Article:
The Feat of Thirty-Three – The Defence of Rossoshka

As could be seen from the testimonial in The Army of Stalingrad – 13.01.1943, Vasiliy Grossman and in the Defence of the Sculpture Garden in Stalingrad, every inch of the land around Stalingrad saw fierce battles. Many a place, a village or an outpost would be defended by a small platoon to the last breath. This was true not only for Stalingad, but for the whole of the Great Patriotic War in general. When the Holywood at one point decided to film “The 300 Spartans”, they could have instead turned to this much more recent and dramatic part of human history, unless, of course, this history is deemed to inconvenient by the Western sphere.

One such piece of history is the defence of the Village of Rossoshka during the first day of the battle of Stalingrad, when 33 soldier stood their ground and repelled a superior German tank attack. The text below is re-published from Stalingrad Front

Rossoshka is a military memorial cemetery of the battle of Stalingrad

The village of Rossoshka and the surroundings is a land soaked in blood, which saw scores of crippled fates. In 1942 it served as a prison camp for the Soviet POWs, and in 1943 there was a cemetery for German servicemen here. Now we have here a large military memorial cemetery for the soldiers of the once opposing parties…

Historical reference

The village of Rossoshka is named after two villages of Little Rossoshka and Big Rossoshka that previously existed here, and which were completely destroyed when the 6th Army entered Stalingrad. The village is situated about 20 kilometres from the western outskirts of Volgograd (formerly known as Stalingrad).

The villages of Big and Little Rossoshka were first mentioned in operative reports in August 1942. In mid-August, the Sixth Army launched a large-scale offensive on Stalingrad. The German command planned to capture the city by the 25th. On August the 23rd, the Wehrmacht’s troops of the 35th Division and the 169th Tank Brigade counterattacked from the area of the village of Samofalovka. Their main target was to break the Soviet defence in order to connect with the units of the 14th Panzer Corps, which broke through to the Volga river and got cut off from the main forces. During the offensive, the German units reached Big Rossoshka, where the 87th Infantry Division of the 62nd Army commanded by Lieutenant Shmelev observed the situation from 2Height 77.6″.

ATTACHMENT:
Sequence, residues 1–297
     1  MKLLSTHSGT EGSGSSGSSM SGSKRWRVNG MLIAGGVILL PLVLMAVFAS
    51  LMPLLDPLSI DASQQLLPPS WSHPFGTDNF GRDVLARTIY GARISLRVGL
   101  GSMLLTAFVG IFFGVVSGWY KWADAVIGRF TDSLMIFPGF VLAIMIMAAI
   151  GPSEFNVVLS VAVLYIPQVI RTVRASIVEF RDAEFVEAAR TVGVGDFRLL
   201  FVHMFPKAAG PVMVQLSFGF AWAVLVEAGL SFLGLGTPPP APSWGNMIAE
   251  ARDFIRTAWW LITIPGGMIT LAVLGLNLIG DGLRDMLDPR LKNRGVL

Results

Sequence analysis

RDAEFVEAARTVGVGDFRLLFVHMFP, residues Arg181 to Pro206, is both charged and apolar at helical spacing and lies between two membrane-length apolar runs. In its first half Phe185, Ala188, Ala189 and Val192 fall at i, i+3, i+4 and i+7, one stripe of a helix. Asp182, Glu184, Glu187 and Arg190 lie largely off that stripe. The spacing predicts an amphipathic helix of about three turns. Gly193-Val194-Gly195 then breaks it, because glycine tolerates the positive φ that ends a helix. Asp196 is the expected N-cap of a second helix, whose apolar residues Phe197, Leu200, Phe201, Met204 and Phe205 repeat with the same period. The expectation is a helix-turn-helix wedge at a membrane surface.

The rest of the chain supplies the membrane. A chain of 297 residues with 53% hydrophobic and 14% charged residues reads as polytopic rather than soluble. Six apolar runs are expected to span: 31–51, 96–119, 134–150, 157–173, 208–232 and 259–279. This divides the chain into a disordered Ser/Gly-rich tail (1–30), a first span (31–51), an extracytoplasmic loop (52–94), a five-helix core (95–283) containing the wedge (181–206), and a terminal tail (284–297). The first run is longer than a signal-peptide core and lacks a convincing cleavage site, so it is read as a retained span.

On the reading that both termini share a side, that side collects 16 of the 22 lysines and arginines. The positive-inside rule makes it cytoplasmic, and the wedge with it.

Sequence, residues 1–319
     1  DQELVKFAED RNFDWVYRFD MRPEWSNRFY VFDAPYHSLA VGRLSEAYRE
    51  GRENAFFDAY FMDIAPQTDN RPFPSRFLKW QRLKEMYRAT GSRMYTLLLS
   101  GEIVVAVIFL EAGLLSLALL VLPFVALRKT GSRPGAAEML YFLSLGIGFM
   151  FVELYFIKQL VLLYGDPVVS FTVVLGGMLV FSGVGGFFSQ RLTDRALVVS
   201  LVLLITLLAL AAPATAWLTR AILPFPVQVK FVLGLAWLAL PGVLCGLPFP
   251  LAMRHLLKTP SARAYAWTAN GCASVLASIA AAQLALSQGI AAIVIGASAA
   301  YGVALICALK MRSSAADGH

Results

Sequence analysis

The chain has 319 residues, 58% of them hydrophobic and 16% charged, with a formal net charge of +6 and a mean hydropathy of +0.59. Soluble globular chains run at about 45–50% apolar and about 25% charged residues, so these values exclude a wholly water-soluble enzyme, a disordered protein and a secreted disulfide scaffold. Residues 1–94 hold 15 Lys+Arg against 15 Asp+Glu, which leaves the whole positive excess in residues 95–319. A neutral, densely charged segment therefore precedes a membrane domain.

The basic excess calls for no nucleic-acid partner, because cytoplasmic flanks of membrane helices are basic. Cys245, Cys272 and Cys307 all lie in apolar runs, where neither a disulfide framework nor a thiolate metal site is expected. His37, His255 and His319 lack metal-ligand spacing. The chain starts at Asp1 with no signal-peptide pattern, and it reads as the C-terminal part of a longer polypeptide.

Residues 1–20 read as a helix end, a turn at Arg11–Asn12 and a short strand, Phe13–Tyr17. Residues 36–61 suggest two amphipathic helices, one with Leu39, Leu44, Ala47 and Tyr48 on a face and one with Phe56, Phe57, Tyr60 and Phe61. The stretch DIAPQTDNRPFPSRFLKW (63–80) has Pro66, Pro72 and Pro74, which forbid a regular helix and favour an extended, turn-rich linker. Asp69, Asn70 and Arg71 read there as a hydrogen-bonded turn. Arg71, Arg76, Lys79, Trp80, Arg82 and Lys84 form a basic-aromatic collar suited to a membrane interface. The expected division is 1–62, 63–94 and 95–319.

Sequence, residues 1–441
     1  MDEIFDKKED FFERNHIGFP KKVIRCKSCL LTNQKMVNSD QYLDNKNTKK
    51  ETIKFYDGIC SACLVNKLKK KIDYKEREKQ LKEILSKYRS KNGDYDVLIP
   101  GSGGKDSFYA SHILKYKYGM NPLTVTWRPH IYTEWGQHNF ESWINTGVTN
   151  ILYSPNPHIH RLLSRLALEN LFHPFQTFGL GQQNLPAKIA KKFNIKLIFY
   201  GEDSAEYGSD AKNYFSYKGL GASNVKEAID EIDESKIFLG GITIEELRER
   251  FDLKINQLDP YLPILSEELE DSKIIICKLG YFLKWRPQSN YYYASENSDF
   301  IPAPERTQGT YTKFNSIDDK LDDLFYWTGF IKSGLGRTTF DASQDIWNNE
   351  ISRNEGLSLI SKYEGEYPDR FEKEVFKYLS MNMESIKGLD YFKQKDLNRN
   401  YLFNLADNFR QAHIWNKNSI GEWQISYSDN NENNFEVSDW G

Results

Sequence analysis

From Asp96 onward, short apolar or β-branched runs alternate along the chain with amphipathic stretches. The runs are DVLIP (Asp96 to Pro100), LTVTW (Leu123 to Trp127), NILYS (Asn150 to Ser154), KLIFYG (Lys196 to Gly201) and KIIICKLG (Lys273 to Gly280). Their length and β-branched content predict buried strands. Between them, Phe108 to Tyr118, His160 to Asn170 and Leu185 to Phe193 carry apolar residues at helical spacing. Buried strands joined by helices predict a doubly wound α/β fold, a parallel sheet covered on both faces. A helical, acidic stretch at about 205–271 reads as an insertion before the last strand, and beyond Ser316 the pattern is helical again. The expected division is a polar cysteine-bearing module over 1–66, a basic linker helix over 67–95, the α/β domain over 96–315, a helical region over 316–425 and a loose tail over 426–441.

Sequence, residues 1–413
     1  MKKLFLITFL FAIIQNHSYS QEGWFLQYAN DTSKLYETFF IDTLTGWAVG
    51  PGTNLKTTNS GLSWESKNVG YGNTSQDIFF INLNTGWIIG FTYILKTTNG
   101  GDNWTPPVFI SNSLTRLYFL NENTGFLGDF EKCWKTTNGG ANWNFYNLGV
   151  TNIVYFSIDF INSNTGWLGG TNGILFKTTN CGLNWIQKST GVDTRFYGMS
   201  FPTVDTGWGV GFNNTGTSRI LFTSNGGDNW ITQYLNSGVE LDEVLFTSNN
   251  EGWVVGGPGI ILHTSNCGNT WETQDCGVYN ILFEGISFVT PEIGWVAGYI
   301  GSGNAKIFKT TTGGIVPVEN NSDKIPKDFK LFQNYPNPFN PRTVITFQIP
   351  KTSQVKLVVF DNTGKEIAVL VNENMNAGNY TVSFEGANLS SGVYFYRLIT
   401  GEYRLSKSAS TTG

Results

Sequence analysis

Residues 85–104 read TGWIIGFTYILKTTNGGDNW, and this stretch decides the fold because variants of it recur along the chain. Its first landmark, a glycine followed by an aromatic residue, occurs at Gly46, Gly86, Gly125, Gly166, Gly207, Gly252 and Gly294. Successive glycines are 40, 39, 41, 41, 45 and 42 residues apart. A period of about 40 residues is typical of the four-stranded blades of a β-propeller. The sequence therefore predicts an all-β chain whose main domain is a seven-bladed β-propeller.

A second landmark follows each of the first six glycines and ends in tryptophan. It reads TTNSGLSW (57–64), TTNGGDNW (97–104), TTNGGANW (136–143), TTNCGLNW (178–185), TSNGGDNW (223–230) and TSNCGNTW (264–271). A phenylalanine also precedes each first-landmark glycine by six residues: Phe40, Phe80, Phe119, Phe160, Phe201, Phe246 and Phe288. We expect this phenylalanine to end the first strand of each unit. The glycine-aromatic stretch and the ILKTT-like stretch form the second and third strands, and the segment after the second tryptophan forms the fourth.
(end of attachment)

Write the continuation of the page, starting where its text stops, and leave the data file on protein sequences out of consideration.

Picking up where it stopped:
The Feat of thirty-Three

Within two days (August 23 and 24), the area of defence of the 87th Infantry Division was repeatedly attacked by Luftwaffe aviation and artillery fire. The people were killed and wounded. During a brief lull, the wounded managed to be evacuated, but the Red Army soldiers knew that was temporary and the enemy would start an offensive soon. At that time the group included 6 signalmen, 15 scouts and 12 gunmen – 33 people only.

A group of soldiers and commanders of the 1379th Infantry Regiment of the 87th Infantry Division
A group of soldiers and commanders of the 1379th Infantry Regiment of the 87th Infantry Division of the 62nd Army, who repelled the German offensive near the village of Little Rossoshka on August 24, 1942

After the bombing in the vicinity of the village of Big Rossoshka, the surviving defenders started the preparations for the forthcoming fight. All of them were sure that it would be their last battle. The soldiers deepened the trenches, strengthened and covered them up. The amount of weapons and ammunition was limited: petrol bombs, grenades, assault rifles, bolt action rifles and only a few armour-piercing guns.

Map of fighting of 33 soldiers against German tanks, August 24, 1942
Map of fighting of 33 soldiers against German tanks, August 24, 1942

On August 24, at sunset German tanks approached the “Height 77.6”. There were about 70 of them, followed by an infantry battalion. An unequal battle started. Allowing the German tanks to come closer, the Soviet soldiers opened fire on them with a few anti-tank guns. They quickly managed to beat several tanks, but many were still able to break right into the defenders’ trenches. Then the German tankmen tried to cover more ground by active manoeuvring. But this tactic did not bring success, because the day before, the trenches were deepened and well-fortified. In counterattacks, the Soviet soldiers began throwing petrol bombs into tanks that came close. The tankmen jumped out of the burning tanks, but they were immediately shot with rifles and machine guns.

A few hours later, when the defenders were almost out of ammunition the enemy tanks rapidly turned around. The battle resulted in 27 German tanks destroyed and 150 soldiers killed, amongst the dead were some officers too. Surprisingly the defenders had no casualties. Two days later the soldiers of the 87th Infantry Division had to back down from their defensive positions in Stalingrad because of the lack of food and drinking water. For this feat, the battle participants were awarded orders and medals.

This victory near the village of Big Rossoshka meant that Paulus’s army couldn’t breakthrough into Stalingrad for a week.